The small community of Jamestown, about 15 miles northwest of Boulder, was completely evacuated Saturday, and the town of Lyons, home to more than 2,000, is under an evacuation warning on Sunday. According to the Boulder Office of Emergency Management, “An Evacuation Warning is when a public safety official issues a warning that there is a high possibility of an evacuation due to a wildfire that poses a risk to life or property.”

At least 2,000 properties were in harm’s way, with local media outlets reporting that it’s likely that an unknown number were destroyed in the blaze. “We believe a number of structures were likely impacted,” Boulder County Sheriff’s Office Division Chief Mike Wagner told the Boulder Daily Camera.

The ingredients for the CalWood Fire, which was first reported near the Cal-Wood Education Center in Jamestown, are all too familiar at this point in the West’s destructive wildfire season: unusually dry conditions, strong winds, low humidity and above-average temperatures.

Human-caused climate change is sparking more frequent and intense wildfires in much of the West, along with an extension of the wildfire season, studies show.

The entire state of Colorado is in drought conditions, according to the latest update of the U.S. Drought Monitor, with nearly 60 percent of the state enduring an extreme drought or worse. This is the first time that the whole state has been affected by drought since 2013.

The forecast for firefighters battling the blaze is mixed. A cold front passed through the region late Saturday, bringing a shallow layer of cold air with higher humidity. However, in the foothills of the Rockies, where the blaze is burning, conditions are drier and winds are forecast to remain gusty throughout the day Sunday and pick up in intensity Sunday night.

Wind gusts to 60 mph are forecast for areas above 8,000 feet in the vicinity of the CalWood Fire, especially after midnight through sunrise, the National Weather Service forecast office in Boulder stated in an online technical forecast discussion.

“There is a chance the strong winds make [it] as low as 6,000 ft [in] elevation,” the Weather Service stated. Smoke from the fire is expected to foul air quality in Boulder and northern parts of Denver on Sunday.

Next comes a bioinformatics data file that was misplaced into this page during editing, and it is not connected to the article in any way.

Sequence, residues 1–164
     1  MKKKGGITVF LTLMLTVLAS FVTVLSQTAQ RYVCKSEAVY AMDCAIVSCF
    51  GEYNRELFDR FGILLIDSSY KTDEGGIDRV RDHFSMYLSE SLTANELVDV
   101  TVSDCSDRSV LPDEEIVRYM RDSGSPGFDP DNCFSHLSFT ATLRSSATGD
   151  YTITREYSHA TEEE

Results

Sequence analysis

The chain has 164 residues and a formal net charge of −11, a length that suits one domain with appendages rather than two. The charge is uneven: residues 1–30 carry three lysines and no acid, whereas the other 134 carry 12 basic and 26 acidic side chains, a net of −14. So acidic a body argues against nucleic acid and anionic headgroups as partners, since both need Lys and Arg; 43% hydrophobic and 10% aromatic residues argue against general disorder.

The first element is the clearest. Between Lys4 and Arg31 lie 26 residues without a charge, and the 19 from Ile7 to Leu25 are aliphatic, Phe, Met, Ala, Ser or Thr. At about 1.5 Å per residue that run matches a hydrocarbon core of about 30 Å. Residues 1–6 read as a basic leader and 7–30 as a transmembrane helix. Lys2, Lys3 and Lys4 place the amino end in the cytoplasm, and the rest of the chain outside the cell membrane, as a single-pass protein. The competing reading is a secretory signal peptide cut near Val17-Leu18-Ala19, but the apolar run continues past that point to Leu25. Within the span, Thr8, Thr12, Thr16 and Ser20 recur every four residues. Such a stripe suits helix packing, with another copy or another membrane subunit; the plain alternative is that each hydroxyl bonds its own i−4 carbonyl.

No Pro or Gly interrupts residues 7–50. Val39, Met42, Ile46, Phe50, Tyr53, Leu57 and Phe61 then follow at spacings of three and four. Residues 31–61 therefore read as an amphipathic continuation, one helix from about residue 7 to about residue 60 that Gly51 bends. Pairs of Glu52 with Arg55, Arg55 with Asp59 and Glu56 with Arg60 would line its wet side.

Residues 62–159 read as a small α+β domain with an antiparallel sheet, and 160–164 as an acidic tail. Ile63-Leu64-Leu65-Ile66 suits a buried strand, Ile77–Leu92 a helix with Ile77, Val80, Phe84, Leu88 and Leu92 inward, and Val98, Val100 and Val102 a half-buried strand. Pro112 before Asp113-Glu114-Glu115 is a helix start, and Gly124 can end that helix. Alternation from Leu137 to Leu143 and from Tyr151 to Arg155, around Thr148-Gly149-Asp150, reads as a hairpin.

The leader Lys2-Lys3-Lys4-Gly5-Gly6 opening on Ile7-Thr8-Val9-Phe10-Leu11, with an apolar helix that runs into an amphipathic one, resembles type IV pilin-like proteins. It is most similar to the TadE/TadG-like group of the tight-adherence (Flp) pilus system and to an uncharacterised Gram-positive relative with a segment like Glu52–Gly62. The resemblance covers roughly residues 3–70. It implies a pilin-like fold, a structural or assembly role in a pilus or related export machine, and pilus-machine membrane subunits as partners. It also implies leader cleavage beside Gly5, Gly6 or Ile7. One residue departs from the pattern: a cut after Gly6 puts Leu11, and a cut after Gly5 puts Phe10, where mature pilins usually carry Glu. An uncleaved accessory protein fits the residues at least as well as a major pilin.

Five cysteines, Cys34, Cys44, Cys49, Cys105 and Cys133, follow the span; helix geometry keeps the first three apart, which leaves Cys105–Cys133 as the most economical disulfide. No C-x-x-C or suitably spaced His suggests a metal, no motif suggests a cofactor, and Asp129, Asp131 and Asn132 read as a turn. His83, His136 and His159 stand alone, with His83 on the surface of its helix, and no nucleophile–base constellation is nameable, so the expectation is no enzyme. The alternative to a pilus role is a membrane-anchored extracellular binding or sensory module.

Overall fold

The CalWood Fire is not the only major late-season blaze burning in Colorado. The Cameron Peak Fire is located to the north, just west of Fort Collins. At about 200,000 acres, it is by far the largest wildfire on record in Colorado.

These fires are not typical for Colorado during October

Normally in October, Colorado sees winter weather beginning in earnest, with mountain snows and changeable conditions, oscillating between springtime temperatures and winter, along the Rocky Mountain Foothills, including Boulder.

However, so far this year, precipitation has been far below average, and winter has not asserted itself.

According to the Colorado Climate Center, which is part of the Colorado State University atmospheric science department, from 1992 to 2015, it was unheard of for large wildfires of more than 11,000 acres to ignite in the Rocky Mountain state so late in the year.

The Colorado blazes also come amid the worst wildfire season on record in California, where well over 4.1 million acres have gone up in flames, destroying more than 9,000 structures and killing 31. The acreage burned this year is more than twice the area in the state’s previous record-worst fire season, in 2018. This year’s fires include that state’s largest, the August Complex, the state’s first “gigafire” on record, at more than 1 million acres in size.

Large fires also are burning in Utah and other parts of the West, stretching firefighting resources thin.

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